Edit: as long as your fish are doing fine, the fish in cycle is fine, just do 50% water changes every day/every other day and that should do well.
I’m not a chemistry wiz by any means. I have read before on the free vs total ammonia and I know the problems is that total ammonia can differentiate the two. Where the free or “ammonium” is not considered toxic.

I agree that it’s hard to really know your total vs free without advanced testing. But in general keep doing water changes while your going through the mini cycle and for best practice keep it under 1ppm and you should be fine. There are even charts out there explaining how ammonia toxicity is relative to your PH as well. There is so much to it that it’s not worth the stress you’re giving yourself.

Fresh water, Test, Repeat

You will be fine!
 

Madchild57

Member
Cody said:
I’m not a chemistry wiz by any means. I have read before on the free vs total ammonia and I know the problems is that total ammonia can differentiate the two. Where the free or “ammonium” is not considered toxic.

I agree that it’s hard to really know your total vs free without advanced testing. But in general keep doing water changes while your going through the mini cycle and for best practice keep it under 1ppm and you should be fine. There are even charts out there explaining how ammonia toxicity is relative to your PH as well. There is so much to it that it’s not worth the stress you’re giving yourself.

Fresh water, Test, Repeat

You will be fine!
Yeah its when ammonium becomes the NH4+ ion that its not toxic, but even then no ammonia is good ammonia. The standard test kits, like the API one, do a good enough job at measuring ammonia reliably. There's really no reason to get worried about pH vs form of ammonia, just use the API test and that'll get the job done.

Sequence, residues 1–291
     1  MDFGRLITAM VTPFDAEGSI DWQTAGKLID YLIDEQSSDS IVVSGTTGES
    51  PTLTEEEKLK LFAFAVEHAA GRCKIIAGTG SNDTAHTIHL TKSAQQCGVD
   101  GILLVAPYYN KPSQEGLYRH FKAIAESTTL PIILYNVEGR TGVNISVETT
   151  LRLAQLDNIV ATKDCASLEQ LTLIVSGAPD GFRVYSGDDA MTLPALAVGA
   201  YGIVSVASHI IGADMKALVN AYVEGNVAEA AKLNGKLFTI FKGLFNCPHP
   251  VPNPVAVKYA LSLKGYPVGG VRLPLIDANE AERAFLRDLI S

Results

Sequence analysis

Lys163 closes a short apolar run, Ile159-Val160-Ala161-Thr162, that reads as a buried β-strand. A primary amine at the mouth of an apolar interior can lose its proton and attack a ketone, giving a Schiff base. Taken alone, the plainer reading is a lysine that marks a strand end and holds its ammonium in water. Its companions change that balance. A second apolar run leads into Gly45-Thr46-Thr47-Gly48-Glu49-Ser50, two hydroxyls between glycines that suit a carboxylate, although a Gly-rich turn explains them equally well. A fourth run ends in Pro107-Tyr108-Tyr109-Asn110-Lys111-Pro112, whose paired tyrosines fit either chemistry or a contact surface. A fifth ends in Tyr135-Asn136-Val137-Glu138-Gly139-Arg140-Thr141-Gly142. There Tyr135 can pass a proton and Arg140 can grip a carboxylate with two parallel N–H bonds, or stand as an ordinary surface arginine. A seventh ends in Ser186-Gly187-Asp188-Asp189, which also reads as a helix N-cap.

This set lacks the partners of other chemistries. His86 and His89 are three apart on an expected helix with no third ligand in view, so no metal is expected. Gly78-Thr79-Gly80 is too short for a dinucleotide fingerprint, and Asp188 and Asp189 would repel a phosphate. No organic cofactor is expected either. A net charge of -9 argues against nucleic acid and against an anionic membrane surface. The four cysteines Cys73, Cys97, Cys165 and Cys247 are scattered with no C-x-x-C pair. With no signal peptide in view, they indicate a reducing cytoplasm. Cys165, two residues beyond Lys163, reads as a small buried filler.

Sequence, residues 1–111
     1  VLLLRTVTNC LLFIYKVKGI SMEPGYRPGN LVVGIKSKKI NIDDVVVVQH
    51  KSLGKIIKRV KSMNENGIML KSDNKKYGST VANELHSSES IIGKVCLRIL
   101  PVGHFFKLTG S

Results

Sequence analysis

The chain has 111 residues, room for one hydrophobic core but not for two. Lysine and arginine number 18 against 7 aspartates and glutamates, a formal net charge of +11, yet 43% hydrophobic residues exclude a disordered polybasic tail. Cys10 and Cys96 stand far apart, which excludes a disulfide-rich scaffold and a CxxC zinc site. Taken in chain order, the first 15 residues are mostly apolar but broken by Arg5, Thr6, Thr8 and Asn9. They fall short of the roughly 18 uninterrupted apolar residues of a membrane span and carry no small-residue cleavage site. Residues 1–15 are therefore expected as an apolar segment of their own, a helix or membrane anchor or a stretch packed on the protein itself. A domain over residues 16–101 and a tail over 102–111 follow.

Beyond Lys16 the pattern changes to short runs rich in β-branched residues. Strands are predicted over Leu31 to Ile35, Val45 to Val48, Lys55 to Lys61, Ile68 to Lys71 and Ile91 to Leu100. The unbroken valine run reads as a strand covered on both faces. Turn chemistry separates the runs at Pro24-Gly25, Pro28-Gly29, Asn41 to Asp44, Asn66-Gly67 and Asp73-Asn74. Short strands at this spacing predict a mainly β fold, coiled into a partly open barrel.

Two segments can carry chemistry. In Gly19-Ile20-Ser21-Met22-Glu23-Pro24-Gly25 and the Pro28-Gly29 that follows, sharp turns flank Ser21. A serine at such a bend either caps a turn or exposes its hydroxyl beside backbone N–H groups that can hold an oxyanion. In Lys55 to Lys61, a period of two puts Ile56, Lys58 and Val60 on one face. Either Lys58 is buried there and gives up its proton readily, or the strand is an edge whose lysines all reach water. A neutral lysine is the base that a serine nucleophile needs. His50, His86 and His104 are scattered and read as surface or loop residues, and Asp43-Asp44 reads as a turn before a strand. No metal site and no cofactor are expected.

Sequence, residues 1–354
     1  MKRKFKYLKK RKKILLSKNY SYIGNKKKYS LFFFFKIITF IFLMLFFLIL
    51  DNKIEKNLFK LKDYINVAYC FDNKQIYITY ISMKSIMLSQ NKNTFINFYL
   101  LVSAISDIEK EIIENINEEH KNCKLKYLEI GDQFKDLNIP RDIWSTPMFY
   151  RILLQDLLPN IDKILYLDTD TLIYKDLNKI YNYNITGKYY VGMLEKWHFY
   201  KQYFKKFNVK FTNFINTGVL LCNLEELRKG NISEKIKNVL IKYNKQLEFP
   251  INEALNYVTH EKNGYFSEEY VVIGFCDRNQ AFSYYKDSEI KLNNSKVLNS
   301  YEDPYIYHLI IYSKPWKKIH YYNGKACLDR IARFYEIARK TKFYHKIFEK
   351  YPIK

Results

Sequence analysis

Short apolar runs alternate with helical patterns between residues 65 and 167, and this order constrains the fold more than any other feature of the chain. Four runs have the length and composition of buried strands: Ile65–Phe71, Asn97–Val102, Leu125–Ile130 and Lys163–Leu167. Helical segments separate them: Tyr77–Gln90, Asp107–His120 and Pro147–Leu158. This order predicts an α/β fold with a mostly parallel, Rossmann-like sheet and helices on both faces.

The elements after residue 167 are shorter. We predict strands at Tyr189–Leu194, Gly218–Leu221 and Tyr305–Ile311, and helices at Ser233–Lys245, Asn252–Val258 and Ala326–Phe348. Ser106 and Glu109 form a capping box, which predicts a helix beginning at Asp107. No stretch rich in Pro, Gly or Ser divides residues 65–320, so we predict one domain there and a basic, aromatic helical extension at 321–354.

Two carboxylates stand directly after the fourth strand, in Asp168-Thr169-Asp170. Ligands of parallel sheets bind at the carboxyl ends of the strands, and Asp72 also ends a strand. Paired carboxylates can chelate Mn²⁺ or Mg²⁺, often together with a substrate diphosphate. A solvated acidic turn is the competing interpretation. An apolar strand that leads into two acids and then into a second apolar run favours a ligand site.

Cody

Member
Madchild57 said:
Yeah its when ammonium becomes the NH4+ ion that its not toxic, but even then no ammonia is good ammonia. The standard test kits, like the API one, do a good enough job at measuring ammonia reliably. There's really no reason to get worried about pH vs form of ammonia, just use the API test and that'll get the job done.
Totally agree.

No reason to over think it. For better or worse people put fish through fish-in cycles unknowingly and the fish survive much worse conditions then what you’re planing to provide.
 
  • Thread Starter

Pfrozen

Member
Thanks for the help guys but I really need info on this specifically lol. 0.25ppm of ammonia will kill my bamboo shrimp. I need to verify if these calculators are correct because NH4 is harmless whereas NH3 is not. It varies widely depending on your pH and temperature. I'm dosing with prime, but what if I dose and my ammonia levels rise by 0.25 during the night? It binds the ammonia that it reacts with initially for 48 hours, yes, but it's such a multi-use conditioner that I can't reliably assume that some of the thiosulfate salts stay in the water unreacted for a full 48 hours.

I do have an associate degree in chemistry (so I know that "all ammonia is bad" already lol, no offense) but this is still beyond me. Can anyone specifically verify that my NH3 levels will for sure remain low based on my water temperature and pH?
 
Top Bottom